- In the following screen, don’t mess with the default values and click “Next” [Slide 22].
- The same goes for the subsequent screen; click “Next” [Slide 23].
- For the networking options configuration, put a check mark in front of “Enable Strict Mode” if it’s not there [Slide 24].
- Move ahead with the “Standard Character Set” [Slide 25].
- Yes, it’s recommended to install MySQL as a Windows service and have the system include the MySQL bin directory in the Windows PATH variable [Slide 26].
- The password for the MySQL server instance has to be typed in twice [Slides 27 and 28]. Remember to keep a note of it and don’t lose it. The password doesn’t have to be very strong because, I suppose, you would be using MySQL on your computer for learning/development and NOT production.
- The configuration wizard has received all the information it needs and is ready to create a MySQL server instance. Click “Execute” button [Slides 29 and 30].
- Ignore messages from the anti-virus program and answer in the affirmative when the Windows 7 UAC (User Account Control) asks whether you want to run MySQLInstanceConfig.exe file. Generally, the instance should be configured without any problem.
However, if the MySQL Instance Configuration Wizard becomes unresponsive (the window shows a ‘Not Responding’ message), launch the Task Manager either from the Control Panel or use the old Ctrl-Alt-Del key combination and kill the program. Now go to C:\MySQL\bin folder and double click on MySQLInstanceCOnfig.exe file to launch the wizard once again.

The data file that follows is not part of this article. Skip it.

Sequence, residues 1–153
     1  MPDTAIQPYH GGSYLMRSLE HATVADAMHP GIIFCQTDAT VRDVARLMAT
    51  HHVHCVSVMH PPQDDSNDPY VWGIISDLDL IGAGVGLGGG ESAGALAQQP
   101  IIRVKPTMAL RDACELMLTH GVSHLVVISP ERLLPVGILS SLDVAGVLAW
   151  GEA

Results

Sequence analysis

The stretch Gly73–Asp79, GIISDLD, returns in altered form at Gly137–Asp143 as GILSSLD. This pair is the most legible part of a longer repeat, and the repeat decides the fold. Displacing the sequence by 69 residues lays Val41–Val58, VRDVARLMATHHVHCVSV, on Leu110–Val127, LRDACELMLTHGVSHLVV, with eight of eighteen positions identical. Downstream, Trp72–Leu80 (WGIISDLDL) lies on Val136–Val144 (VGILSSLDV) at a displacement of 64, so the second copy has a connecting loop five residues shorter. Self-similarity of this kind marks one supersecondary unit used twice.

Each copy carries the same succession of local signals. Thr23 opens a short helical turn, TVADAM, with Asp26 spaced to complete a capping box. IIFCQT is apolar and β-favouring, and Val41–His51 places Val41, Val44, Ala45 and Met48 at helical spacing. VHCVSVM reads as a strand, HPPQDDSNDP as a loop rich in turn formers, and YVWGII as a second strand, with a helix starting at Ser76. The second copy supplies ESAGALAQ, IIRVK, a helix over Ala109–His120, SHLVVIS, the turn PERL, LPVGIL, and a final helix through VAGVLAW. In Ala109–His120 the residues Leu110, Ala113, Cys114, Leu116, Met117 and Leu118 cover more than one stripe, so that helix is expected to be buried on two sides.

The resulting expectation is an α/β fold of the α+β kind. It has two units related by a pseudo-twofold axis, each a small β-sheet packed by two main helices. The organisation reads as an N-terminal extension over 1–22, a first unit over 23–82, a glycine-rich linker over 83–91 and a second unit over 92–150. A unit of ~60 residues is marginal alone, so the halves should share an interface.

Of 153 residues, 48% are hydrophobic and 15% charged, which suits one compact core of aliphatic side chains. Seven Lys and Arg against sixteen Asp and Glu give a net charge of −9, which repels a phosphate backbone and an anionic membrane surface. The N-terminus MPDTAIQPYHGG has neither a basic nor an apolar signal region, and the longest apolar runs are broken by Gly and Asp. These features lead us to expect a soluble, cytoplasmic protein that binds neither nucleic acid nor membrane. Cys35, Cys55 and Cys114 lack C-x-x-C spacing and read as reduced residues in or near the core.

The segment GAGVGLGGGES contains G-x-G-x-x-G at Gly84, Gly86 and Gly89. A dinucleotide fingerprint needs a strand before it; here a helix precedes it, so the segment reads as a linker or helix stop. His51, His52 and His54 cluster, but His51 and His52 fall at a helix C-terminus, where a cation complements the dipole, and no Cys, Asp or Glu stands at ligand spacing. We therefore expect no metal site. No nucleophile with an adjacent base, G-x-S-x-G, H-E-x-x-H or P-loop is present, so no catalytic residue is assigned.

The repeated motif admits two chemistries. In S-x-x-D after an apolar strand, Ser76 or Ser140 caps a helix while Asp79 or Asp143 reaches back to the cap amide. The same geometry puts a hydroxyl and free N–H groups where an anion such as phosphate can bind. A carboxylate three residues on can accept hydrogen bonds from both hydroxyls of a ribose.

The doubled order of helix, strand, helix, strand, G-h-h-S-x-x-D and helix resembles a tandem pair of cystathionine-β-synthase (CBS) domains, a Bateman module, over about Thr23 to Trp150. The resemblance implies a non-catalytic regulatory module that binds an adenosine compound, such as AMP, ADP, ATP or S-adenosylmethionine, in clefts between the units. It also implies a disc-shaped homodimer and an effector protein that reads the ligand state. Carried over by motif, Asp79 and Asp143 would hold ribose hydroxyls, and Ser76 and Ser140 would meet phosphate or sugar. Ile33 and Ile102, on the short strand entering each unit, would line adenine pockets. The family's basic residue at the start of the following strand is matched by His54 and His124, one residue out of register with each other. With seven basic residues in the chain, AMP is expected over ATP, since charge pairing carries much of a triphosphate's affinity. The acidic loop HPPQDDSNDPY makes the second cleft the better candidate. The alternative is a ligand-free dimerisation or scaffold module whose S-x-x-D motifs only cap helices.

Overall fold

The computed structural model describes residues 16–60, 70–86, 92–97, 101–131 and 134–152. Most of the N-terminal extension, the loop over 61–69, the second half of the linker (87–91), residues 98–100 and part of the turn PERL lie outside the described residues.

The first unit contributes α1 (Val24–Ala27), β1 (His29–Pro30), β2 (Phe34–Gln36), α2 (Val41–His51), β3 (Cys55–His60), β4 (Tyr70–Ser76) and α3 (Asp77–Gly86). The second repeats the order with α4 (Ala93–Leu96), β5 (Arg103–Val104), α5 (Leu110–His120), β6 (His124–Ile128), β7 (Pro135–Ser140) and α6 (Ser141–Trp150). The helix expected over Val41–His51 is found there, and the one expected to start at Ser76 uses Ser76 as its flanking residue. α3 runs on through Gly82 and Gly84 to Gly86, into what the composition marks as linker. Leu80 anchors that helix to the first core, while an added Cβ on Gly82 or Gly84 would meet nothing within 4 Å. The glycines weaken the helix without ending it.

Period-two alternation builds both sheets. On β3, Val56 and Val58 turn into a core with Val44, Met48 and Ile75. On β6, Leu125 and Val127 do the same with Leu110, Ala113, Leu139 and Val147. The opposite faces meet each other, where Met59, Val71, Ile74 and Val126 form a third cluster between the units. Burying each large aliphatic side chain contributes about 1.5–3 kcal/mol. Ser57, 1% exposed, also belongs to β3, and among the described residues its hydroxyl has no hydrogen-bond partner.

Checking the MySQL installation
The easiest way to check MySQL installation and confirm that it’s working properly is to use the MySQL Command Line Client. Fire it up from “All Programs” -> “MySQL” -> “MySQL Server 5.5“[Slide 31].
Now enter the MySQL password – the characters you type will be replaced by the asterisk sign (the password is not shown for security reasons – obviously) [Slides 32 and 33].
The MySQL client displays the mysql> prompt on successful login [Slide 34]. Type show databases; (the semi-colon at the end is not a typo) and hit the enter key. This simple SQL command instructs MySQL to display the names of the installed databases and there should be four of these. Hurray! Rejoice because you have been able to correctly install MySQL on Windows 7 [Slide 35]!
Configuring PHP to work with the MySQL installation
The newly installed MySQL Server will run on it’s own without any problem and is an ideal platform to learn the SQL (Structured Query Language). However, if you want to use it with PHP, changes have to be made to the php.ini file. The appropriate ‘marriage’ of MySQL and PHP is essential for setting up program suites such as WordPress… and I’m sure many of you would be interested in that, right?
The PHP configuration file (php.ini) is located in the install directory which should be C:\PHP if you have followed my instructions on how to install PHP on Windows 7 computer. We now have to modify this file so that all the three, Apache, PHP and MySQL, work together.
Move to the PHP install folder, right-click on php.ini and open it with Notepad [Slide 36]. Using the ‘Find’ feature (Ctrl-F or Edit -> Find), locate the Dynamic Extensions section. Scrolling down, you should see a whole bunch of PHP extension lines. Remove the semicolon in front of the two mysql extensions (listed below) [Slide 37].
Save the php.ini file and (IMPORTANT) restart the computer – this will give you time to stretch your legs. By the way, as I had mentioned in the beginning, you need a web server for PHP to work – read install Apache on Windows 7 for instructions.
Finally, if you have already been using MySQL on another computer you can quickly transfer databases and tables using mysqldump and the mysql programs.